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What are the results of Miss Havisham's desire revenge in the novel, 'Great Expectations' by Charles Dickens.

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What are the results of Miss Havisham's desire revenge? In the novel, 'Great Expectations', Charles Dickens' character Miss Havisham is highlighted as a bitter old woman who is vengeful and uncompromising. Miss Havisham's desire to take revenge against a man, who has previously done her wrong, consumes her and has overwhelming consequences on herself and her behaviour towards other characters in the novel. The reader first encounters Miss Havisham in chapter eight when Pip, the main character, is sent to play at Satis House, Miss Havisham's place of residence. Satis House is described as semi-derelict and neglected, 'grass was growing in every crevice', 'all is empty and disused'. Miss Havisham has deliberately allowed her house to fall apart, as a result of her disappointment and conscious desire for revenge. Not only does Miss Havisham's house reflect the consequences of Miss Havisham's choices and past experience, but her personage also does. 'She was dressed in rich materials...and she had a long white veil dependent from her hair'. Miss Havisham was deserted by the man she loved on her wedding day and allowed this tragedy to fester to the extent that her life has stood still since that very day, 'the bride within the bridal dress had withered...and had no brightness left but the brightness of her sunken eyes'. ...read more.


She knows she can use Estella as her weapon to act out her own vengeful fantasies. Even when Pip is first called to play at Miss Havisham's, there is a sense of foreboding, and her orders are strict and military, the reader can sense the power she has, even over oppressive characters such as Pip's sister, Mrs. Gargery, ' she wants this boy to go and play there. And of course he's going. And he had better play there'. Miss Havisham has targeted the innocent young boy, as a representative of the male species. On Pip's second visit to Satis House, Estella's power over Pip becomes more apparent and the reader recognises him as a target for Miss Havisham's revenge, 'you are to go and stand there boy until you are wanted' and Miss Havisham's control over Estella, which effectively controls Pip. In Pip's second visit to Satis House, we witness Miss Havisham's pivotal over the children,' Miss Havisham watched us all the time, directed my attention to Estella's beauty'. Estella's beauty is Miss Havisham's weapon and Pip soon falls in love with her. ...read more.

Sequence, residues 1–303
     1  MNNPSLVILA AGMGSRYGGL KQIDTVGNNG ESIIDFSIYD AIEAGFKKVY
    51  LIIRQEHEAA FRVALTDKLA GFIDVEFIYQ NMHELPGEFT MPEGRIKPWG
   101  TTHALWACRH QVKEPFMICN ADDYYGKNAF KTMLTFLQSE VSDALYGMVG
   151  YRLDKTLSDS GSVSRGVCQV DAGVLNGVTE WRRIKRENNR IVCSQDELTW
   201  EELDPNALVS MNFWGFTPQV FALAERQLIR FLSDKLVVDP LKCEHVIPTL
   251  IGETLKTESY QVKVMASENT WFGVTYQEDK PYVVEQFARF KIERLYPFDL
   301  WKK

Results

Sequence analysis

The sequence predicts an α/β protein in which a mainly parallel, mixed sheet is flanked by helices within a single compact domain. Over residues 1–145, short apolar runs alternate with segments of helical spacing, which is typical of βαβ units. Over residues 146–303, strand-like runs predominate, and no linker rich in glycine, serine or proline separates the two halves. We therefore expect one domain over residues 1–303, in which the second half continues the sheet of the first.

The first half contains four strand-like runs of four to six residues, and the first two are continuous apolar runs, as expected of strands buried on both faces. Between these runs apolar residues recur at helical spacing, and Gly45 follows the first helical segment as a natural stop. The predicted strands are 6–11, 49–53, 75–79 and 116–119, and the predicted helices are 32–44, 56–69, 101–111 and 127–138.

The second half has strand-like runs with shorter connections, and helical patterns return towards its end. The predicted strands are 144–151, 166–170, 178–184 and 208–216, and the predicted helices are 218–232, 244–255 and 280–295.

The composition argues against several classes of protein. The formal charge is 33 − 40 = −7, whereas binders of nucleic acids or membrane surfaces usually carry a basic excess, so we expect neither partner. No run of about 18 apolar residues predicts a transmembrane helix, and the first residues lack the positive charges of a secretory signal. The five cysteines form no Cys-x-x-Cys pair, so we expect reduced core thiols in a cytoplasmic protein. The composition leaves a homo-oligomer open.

This is fundamentally Miss Havisham's influence, as Pip is doing this all for Estella. Pip officially casts his once happy life with Joe and the Forge in pursuit of living out his Great Expectations, 'and the mists had all solemnly risen now, and the world lay spread before me'. The reader starts to see how Miss Havisham has changed the course of Pip's life. Pip goes on to be disappointed by his Great Expectations and his disillusions of whom his benefactor was. We discover it wasn't Miss Havisham after all but a mere escaped convict Pip had helped many years before. This shows a sense of irony, as his Great Expectations were to become a gentleman, bringing him back to his originals status, a mere labouring boy. Towards the end of the novel, Miss Havisham dies and her power over the other characters dissolves. Miss Havisham's desire for revenge prevents Pip and Estella leading the life they should have done for the majority of the novel but her death, leading to the re-birth of Pip and Estella has the opposite effect, and undoes her vengeful antics. Pip and Estella can finally be happy and be untainted by Miss Havisham's desire for revenge, 'I took her hand in mine, and we went out of the ruined place'. GCSE Coursework Pre-1900 Alice Baillie, 11S. ...read more.

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